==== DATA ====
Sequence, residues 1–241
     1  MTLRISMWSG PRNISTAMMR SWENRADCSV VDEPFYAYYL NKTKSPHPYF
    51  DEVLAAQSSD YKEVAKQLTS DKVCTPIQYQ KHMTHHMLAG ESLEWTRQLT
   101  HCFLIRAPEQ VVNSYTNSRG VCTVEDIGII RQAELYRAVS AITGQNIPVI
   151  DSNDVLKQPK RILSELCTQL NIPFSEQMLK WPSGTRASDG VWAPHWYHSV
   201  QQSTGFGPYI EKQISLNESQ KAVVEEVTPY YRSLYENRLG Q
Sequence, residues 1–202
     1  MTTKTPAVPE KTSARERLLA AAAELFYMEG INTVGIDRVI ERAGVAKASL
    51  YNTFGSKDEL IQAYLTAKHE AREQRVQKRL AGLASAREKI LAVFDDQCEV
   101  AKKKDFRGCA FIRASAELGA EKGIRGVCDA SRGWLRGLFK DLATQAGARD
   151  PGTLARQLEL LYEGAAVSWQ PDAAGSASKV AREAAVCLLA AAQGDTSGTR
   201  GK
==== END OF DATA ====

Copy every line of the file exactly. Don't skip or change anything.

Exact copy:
Sequence, residues 1–241
     1  MTLRISMWSG PRNISTAMMR SWENRADCSV VDEPFYAYYL NKTKSPHPYF
    51  DEVLAAQSSD YKEVAKQLTS DKVCTPIQYQ KHMTHHMLAG ESLEWTRQLT
   101  HCFLIRAPEQ VVNSYTNSRG VCTVEDIGII RQAELYRAVS AITGQNIPVI
   151  DSNDVLKQPK RILSELCTQL NIPFSEQMLK WPSGTRASDG VWAPHWYHSV
   201  QQSTGFGPYI EKQISLNESQ KAVVEEVTPY YRSLYENRLG Q
Sequence, residues 1–202
     1  MTTKTPAVPE KTSARERLLA AAAELFYMEG INTVGIDRVI ERAGVAKASL
    51  YNTFGSKDEL IQAYLTAKHE AREQRVQKRL AGLASAREKI LAVFDDQCEV
   101  AKKKDFRGCA FIRASAELGA EKGIRGVCDA SRGWLRGLFK DLATQAGARD
   151  PGTLARQLEL LYEGAAVSWQ PDAAGSASKV AREAAVCLLA AAQGDTSGTR
   201  GK